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The most controversial football story of the year broke last month when Ronnie Knox, star freshman quarterback in 1953 and previously a high school All-American, abruptly transferred from the University of California to U.C.L.A. The action cost young Knox a year of eligibility and brought charges that Ronnie's stepfather, Harvey Othel Knox, a handsome ex-haberdasher, was attempting to exploit the boy. Harvey was accused of interfering with Ronnie's coaches, of counseling other players to sell their services dearly and of making extreme monetary demands on the university. Now, for the first time, Harvey Knox tells In his own words his own side of the story.
First off, let me say that I am familiar with most of the charges made against me and Ronnie. We have been called the "Migratory Knoxes" and have been painted as a couple of Ozark hillbillies careening along the road, hawking our football wares. I've been charged with not only ruining Ronnie's football career but also his life. But Ronnie said to me, "Dad, why don't you be the hero of this story instead of the heel the papers make you out?" I think that's pretty good advice, and I always act on good advice. So let's begin at the beginning.
About me: I guess I'm what you might call a cynic. I've seen a lot of life, from an Arkansas orphanage to the finest haberdashery store in Hollywood, which I built up myself and lost myself. I've been around enough to know you don't get something for nothing. I also know that a lot of people try.
A PRETTY GOOD LOOK
I got wise to football scholarships as a kid, when I got one at Ouachita Baptist College. I won't say I was fooled at Ouachita. Let's say I wasn't pleased. I had set a state pass-catching record in high school. But at Ouachita I had to wait on tables three times a day. I had to break off practice at 4:30 every afternoon. The coach never got a square look at me. And when I transferred to the University of Arkansas I wasn't any better off. I quit college in my third year and by then I'd got a pretty good look at the way college athletics were working. I made a vow then that if I ever had a son who was a good football player I would see to it that he never got a fleecing. This vow lives.
I married Ronnie's mother in 1942. She had a daughter, Patricia, who was two years older than Ronnie, who was seven then. Pappy Waldorf, the coach at California, has been quoted as saying, "It looks like Harvey's only business is managing his kids." The way he says it, it sounds like something dishonest. Well, I'd like to tell you how I got my daughter Pat a movie contract at the age of fifteen.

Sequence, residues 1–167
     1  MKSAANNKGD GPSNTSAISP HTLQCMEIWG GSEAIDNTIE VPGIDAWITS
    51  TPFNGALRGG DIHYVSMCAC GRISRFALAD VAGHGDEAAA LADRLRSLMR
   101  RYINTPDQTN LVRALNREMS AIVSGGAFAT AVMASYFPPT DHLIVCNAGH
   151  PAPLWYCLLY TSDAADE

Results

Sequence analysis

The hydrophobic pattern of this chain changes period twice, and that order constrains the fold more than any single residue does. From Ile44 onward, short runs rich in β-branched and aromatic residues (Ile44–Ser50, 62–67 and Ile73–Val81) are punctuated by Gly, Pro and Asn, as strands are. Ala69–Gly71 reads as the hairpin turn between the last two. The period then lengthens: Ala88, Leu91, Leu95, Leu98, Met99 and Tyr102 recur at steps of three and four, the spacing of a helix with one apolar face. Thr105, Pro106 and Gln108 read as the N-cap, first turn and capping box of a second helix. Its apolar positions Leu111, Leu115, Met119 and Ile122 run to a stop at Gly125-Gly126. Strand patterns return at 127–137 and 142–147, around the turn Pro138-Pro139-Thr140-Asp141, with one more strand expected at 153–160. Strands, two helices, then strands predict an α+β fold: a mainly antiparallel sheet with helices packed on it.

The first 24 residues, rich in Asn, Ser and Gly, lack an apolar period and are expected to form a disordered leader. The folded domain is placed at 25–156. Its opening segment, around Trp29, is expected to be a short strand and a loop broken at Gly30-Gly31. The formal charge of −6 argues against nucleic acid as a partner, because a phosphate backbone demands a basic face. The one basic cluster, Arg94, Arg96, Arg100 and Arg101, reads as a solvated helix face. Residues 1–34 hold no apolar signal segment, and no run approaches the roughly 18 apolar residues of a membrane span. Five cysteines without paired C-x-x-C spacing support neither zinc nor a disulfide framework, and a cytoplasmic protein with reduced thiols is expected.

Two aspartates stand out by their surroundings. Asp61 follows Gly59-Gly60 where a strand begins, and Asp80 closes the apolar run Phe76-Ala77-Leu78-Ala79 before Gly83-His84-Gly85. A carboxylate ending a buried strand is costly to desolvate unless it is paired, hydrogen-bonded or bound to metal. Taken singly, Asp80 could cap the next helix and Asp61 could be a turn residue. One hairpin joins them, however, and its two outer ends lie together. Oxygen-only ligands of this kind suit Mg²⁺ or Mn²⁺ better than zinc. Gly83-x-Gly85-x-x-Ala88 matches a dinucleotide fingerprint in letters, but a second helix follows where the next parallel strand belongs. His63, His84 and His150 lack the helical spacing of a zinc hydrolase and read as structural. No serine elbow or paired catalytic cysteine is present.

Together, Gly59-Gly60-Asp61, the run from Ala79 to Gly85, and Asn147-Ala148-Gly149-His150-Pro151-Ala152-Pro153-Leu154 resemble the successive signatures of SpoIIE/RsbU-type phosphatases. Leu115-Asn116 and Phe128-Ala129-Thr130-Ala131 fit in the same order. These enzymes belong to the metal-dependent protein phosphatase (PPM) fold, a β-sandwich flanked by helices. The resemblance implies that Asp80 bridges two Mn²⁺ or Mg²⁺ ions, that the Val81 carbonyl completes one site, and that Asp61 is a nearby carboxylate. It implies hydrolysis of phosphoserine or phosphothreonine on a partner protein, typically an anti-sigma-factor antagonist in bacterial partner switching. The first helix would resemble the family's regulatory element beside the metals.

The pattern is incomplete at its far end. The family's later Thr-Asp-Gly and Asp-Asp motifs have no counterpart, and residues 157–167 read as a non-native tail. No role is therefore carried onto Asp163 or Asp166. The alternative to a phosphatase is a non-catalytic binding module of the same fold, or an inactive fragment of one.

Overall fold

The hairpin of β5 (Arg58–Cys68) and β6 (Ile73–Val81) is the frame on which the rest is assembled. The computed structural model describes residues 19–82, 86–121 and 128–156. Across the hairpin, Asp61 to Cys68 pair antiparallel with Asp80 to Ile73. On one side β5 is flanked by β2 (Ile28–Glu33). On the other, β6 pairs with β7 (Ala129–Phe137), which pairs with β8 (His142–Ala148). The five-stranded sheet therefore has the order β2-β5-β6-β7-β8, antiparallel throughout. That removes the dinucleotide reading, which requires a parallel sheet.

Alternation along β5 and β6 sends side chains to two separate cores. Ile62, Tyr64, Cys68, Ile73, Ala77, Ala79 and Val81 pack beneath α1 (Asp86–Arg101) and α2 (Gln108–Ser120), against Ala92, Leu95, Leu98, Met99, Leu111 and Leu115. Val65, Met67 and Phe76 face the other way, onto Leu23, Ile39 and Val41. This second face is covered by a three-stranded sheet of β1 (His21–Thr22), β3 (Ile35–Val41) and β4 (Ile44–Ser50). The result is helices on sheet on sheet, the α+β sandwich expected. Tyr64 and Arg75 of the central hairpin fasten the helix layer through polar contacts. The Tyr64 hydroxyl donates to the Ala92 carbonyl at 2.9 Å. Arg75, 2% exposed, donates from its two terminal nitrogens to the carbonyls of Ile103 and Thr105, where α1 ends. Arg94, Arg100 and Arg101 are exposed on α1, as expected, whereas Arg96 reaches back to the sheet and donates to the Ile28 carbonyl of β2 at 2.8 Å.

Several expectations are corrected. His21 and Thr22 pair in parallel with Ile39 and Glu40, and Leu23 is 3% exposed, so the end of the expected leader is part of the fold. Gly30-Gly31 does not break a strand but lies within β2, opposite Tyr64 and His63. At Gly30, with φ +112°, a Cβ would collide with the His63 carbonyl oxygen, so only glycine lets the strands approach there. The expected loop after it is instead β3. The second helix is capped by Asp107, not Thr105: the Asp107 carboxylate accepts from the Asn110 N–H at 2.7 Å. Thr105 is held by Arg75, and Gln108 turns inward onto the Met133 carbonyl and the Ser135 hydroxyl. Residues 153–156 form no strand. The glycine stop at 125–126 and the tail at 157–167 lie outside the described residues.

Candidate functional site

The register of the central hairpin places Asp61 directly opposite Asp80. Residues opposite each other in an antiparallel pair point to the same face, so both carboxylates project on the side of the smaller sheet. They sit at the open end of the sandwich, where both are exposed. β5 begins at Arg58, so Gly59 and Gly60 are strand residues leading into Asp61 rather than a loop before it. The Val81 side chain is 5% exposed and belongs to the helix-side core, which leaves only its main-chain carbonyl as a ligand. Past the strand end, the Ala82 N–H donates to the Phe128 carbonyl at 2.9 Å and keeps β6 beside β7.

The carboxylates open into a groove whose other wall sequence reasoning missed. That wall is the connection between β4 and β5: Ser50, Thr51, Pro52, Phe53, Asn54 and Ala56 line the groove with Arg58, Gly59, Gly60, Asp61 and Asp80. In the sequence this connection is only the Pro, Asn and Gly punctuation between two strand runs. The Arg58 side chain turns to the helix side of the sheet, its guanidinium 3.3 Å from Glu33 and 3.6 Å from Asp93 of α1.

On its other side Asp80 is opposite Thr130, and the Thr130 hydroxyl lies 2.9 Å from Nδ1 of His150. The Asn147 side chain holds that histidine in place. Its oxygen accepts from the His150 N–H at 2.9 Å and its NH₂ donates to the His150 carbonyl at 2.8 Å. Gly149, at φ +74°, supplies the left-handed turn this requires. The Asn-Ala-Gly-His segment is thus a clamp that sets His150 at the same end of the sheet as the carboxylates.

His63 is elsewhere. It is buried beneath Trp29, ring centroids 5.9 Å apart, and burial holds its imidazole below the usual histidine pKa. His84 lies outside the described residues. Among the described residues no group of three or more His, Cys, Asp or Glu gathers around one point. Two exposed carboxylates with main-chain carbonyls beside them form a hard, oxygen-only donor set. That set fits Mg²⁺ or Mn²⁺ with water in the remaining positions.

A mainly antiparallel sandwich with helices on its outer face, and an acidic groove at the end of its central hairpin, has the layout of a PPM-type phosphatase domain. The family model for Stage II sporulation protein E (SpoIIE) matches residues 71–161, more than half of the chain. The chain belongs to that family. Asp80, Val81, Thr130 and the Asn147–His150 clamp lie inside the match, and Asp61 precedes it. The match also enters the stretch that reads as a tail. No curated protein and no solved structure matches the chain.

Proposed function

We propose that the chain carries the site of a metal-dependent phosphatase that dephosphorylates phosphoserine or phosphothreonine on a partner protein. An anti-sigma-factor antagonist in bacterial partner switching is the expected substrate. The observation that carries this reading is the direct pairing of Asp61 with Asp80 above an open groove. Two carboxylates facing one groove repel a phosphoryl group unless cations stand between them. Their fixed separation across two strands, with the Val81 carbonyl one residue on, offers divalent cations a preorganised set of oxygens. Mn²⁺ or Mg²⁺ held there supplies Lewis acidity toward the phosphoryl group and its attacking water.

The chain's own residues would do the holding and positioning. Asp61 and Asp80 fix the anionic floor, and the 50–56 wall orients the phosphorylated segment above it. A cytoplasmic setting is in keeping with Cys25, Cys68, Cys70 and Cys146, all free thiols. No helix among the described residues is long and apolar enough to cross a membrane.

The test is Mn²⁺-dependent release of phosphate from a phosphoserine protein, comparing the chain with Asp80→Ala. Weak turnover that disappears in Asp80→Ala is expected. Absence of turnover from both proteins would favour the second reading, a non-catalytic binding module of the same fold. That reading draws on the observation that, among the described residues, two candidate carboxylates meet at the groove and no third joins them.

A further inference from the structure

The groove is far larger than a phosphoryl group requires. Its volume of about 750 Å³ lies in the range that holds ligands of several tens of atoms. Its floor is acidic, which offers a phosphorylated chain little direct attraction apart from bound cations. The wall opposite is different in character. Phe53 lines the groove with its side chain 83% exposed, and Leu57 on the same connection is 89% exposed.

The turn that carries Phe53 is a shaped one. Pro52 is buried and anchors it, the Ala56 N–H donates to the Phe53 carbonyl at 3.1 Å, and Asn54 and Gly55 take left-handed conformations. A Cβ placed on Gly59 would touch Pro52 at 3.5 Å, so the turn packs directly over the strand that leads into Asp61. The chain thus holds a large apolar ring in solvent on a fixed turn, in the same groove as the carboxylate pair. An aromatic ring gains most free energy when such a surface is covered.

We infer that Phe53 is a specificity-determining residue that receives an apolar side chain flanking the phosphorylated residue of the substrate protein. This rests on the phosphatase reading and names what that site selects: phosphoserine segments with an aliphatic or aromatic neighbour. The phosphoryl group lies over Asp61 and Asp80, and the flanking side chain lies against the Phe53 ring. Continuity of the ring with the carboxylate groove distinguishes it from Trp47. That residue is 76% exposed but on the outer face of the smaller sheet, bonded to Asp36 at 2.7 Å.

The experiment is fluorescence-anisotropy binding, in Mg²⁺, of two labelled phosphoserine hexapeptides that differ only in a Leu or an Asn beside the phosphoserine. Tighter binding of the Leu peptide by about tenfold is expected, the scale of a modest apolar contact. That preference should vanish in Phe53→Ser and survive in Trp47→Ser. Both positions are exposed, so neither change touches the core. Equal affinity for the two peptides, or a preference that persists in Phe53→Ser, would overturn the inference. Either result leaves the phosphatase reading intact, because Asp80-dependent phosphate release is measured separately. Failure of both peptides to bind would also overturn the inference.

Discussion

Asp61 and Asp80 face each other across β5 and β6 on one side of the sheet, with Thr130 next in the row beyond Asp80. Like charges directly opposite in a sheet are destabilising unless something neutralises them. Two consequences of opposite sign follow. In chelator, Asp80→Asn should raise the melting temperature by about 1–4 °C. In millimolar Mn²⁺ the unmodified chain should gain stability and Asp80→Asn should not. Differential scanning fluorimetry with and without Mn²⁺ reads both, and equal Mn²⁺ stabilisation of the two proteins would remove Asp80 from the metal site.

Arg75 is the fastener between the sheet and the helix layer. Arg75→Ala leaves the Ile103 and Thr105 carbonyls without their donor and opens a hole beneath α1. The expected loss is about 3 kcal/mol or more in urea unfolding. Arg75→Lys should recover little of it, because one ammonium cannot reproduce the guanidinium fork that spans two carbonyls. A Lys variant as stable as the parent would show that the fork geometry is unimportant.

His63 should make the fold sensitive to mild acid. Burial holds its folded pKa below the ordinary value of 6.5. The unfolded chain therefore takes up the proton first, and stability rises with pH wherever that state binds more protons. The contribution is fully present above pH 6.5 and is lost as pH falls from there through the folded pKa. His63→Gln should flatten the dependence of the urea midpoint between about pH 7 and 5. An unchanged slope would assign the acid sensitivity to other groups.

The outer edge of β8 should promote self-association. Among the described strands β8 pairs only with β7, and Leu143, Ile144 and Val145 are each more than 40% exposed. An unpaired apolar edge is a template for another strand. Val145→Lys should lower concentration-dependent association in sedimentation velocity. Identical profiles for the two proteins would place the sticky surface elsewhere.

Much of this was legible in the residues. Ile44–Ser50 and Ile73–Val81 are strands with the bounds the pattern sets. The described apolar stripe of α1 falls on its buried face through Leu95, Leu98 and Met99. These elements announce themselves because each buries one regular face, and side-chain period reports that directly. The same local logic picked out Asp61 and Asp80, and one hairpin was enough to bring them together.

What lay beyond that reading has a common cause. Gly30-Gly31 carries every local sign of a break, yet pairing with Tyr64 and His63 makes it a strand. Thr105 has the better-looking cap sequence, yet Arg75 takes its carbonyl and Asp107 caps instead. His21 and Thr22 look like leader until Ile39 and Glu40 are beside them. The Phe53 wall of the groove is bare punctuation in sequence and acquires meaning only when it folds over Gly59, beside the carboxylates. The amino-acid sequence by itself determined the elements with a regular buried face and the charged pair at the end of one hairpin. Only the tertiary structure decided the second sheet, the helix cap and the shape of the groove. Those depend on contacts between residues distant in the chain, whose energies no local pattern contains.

She was going to Beverly Hills High School at the time and she got the lead in a couple of plays. I dropped over to watch rehearsals. I saw something in Patricia. I went to work.
In Hollywood, that which they can't see and can't have, they can't live without. I got a school cop stationed at the door of the auditorium "to keep talent scouts off." Up to then, the talent scouts hadn't heard of Pat. But the school authorities didn't know that; I told them they were pestering her.
Pretty soon the agents were trying to sneak into rehearsals. One day Billy Gordon rings me up, the talent scout for 20th Century-Fox. Patricia got a contract, $150 a week, with yearly options. A year later, when she went down to court to get her contract approved (you have to do that with minors according to California law), she found she was taking a salary dip?to $125 a week. Fox had done nothing with her.
So I dressed Patsy up in a glamour dress and went to court with her. I informed the photographers, "Boys, I don't know who she is but there's some girl upstairs who is the most gorgeous doll I ever saw." I nearly got trampled in the rush. Patsy made page one all over town. A very big producer spotted her and a little later he put Pat under personal contract, which she is to this day. If helping your kids isn't a career, what the hell is it?